He's grinning. Teeth and shades. The sunglasses remind me of the ones pictured on my Dad back in the 70s. He was in an Arabian desert, flexing next to a jeep with me standing by him grinning. The glasses are gold rimmed, the kind you can see yourself in. Slater has on a similar pair now, and he's waving as he backs out the driveway.
Road trip, the ocean ahead, nothing but time and a full tank of gas. I bend down and force Billy Sue's paw in a wave just to get one last laugh before he turns on the road. I remember this type of excitement, the absolute freedom, and find that as a parent it's just as good watching your child feel it as it is when you experience it yourself. If not better.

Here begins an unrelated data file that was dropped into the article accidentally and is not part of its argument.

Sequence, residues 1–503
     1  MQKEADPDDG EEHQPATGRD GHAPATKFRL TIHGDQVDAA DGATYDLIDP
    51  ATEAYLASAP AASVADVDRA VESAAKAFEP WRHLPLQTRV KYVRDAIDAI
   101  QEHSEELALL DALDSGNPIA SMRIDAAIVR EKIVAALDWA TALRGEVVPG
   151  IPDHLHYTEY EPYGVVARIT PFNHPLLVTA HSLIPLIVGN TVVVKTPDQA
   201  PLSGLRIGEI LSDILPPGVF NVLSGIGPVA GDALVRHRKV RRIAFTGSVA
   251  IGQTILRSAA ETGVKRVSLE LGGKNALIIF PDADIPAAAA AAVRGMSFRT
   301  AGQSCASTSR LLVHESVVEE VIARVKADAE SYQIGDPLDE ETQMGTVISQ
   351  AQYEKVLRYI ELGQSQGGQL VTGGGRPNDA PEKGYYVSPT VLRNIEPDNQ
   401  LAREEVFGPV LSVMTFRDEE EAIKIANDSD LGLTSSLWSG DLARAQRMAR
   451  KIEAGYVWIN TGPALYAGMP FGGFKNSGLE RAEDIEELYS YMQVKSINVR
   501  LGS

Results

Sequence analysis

Later I've locked the doors, phone my grandmother and find out she and her sister have been talking about how they're worried about me. It seems they're concerned Slater and I were so close that I may be lost without him. I just listen and decide there's no sense in attempting to explain that this feeling has nothing to do with loss.
It's an open road, and this is as close as I've come to taking two trips at once. Joy and gratitude doubled.